Despite lifting moratorium, Douglas County has not received any applications to subdivide land under new codes

photo by: Chris Conde/Journal-World File Photo

The Douglas County Courthouse at 1100 Massachusetts St., which houses the county government, is shown on Sept. 15, 2018.

Although Douglas County recently lifted a monthslong pause on processing requests to subdivide land in the rural parts of the county, residents have not yet taken advantage of it.

Tonya Voigt, the director of zoning for the county, said Friday that no applications have been submitted since a moratorium on processing the applications was lifted on March 22.

The lack of requests could be because of the county’s newly installed regulations on subdividing land, which include a new step in the process that allows the public to weigh in. But it could also be because of the ongoing coronavirus pandemic, which has stymied many aspects of life in Douglas County.

“I’m not sure why we haven’t seen a rush of certificate of survey requests,” Voigt said. “I think the pandemic may be slowing life changes in general as we all hunker down and wait.”

Some did expect a rush of applications when the moratorium expired. Several rural residents who spoke to the County Commission in February said they feared an onslaught of applications for certificates of survey was on the horizon.

Certificates of survey are applications to the county to allow residents to subdivide large parcels of land into smaller lots. Currently, under the new regulations, residents are required to rezone their property when applying to subdivide their land. That requires approval from the Lawrence-Douglas County Metropolitan Planning Commission, which allows the public to appeal such development.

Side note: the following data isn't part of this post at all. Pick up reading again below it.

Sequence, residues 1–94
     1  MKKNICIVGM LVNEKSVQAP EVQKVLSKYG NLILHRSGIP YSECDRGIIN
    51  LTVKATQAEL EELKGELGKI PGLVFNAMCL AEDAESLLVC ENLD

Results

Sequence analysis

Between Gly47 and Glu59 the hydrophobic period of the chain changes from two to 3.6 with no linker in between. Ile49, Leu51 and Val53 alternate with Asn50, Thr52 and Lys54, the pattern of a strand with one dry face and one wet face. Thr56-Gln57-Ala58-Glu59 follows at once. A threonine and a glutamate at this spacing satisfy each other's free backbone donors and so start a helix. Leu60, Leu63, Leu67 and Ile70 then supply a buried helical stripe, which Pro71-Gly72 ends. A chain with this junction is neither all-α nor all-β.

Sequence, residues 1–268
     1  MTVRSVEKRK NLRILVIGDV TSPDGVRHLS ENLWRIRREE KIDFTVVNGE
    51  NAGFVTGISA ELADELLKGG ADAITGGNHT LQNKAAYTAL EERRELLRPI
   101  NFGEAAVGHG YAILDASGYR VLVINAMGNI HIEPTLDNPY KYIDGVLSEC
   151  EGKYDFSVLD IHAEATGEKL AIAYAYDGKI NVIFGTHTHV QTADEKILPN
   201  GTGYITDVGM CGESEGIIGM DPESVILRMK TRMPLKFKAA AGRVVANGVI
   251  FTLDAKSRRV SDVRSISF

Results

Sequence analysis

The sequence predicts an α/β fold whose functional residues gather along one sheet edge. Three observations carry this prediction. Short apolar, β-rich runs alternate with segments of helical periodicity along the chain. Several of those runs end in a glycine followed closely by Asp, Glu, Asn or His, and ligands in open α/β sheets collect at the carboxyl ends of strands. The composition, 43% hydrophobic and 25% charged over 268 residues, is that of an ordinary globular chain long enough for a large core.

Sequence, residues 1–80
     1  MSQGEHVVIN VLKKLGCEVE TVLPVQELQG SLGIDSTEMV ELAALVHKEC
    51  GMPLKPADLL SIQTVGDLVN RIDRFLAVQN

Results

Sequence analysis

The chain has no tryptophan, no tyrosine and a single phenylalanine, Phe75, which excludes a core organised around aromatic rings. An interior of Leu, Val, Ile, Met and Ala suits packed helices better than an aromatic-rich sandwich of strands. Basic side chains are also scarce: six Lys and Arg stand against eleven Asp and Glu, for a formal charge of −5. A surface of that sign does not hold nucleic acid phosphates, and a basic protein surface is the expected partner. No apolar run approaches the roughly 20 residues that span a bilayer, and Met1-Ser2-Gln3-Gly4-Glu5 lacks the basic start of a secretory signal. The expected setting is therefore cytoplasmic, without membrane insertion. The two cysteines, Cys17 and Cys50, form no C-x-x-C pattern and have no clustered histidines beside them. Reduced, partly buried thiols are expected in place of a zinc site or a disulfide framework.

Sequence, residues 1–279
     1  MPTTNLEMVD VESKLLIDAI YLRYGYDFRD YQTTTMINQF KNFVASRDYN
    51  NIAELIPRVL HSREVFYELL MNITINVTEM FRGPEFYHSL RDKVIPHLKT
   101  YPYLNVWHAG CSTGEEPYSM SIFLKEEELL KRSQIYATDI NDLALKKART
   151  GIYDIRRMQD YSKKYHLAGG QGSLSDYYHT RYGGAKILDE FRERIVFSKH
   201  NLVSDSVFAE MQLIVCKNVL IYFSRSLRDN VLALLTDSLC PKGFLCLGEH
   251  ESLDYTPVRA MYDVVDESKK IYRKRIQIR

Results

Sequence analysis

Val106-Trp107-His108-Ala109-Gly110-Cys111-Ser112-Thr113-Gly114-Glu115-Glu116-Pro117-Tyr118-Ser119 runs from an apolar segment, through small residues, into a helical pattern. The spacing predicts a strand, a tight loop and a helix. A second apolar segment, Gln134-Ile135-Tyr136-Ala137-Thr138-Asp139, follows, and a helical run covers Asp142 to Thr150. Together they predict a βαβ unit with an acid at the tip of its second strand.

Prior to the new regulations, the certificates of survey were administratively approved by county staff and did not include a clear public appeal process.

The County Commission in August placed a six-month halt on the processing of the applications to give county staff time to develop new zoning regulations. The new codes were partly pursued because of a drastic increase in rural development that went against the county’s view of how the rural land should be used.

The moratorium was originally scheduled to expire on Feb. 21. But on Feb. 19, when the commissioners approved the new regulations, they also extended the moratorium for another month to give the City of Lawrence time to approve joint city-county subdivision codes that were affected by the county’s new zoning regulations.

However, several residents told the commissioners at the time that they wanted the moratorium to be extended even longer.

Myles Schachter, a rural resident and former planning commissioner, asked the County Commission to extend it another six months. He said he believed the new regulations weren’t restrictive enough and lifting the moratorium would be “opening up the floodgates” for more land subdivision in the rural parts of the county.

But so far that has not been the case.

“We’ve had a couple of inquiries for certificates of survey, but no official applications yet,” Voigt said.

Related coverage

Aug. 18, 2019: ‘Shocking’ increase of residential development in rural parts of Douglas County likely to bring code changes

Sept. 18, 2019: Douglas County Commission hears proposal to change county’s rules for dividing rural land

Dec. 1, 2019: Douglas County’s proposed zoning code changes heading to Planning Commission soon

Dec. 16, 2019: Residents of Big Springs voice opposition to Douglas County’s proposed zoning regulation changes

Jan. 24, 2020: Planning Commission approves proposed county zoning regulation changes after revising Big Springs district

Feb. 19, 2020: Douglas County Commission authorizes new zoning regulations, expects county staff to continue refining them

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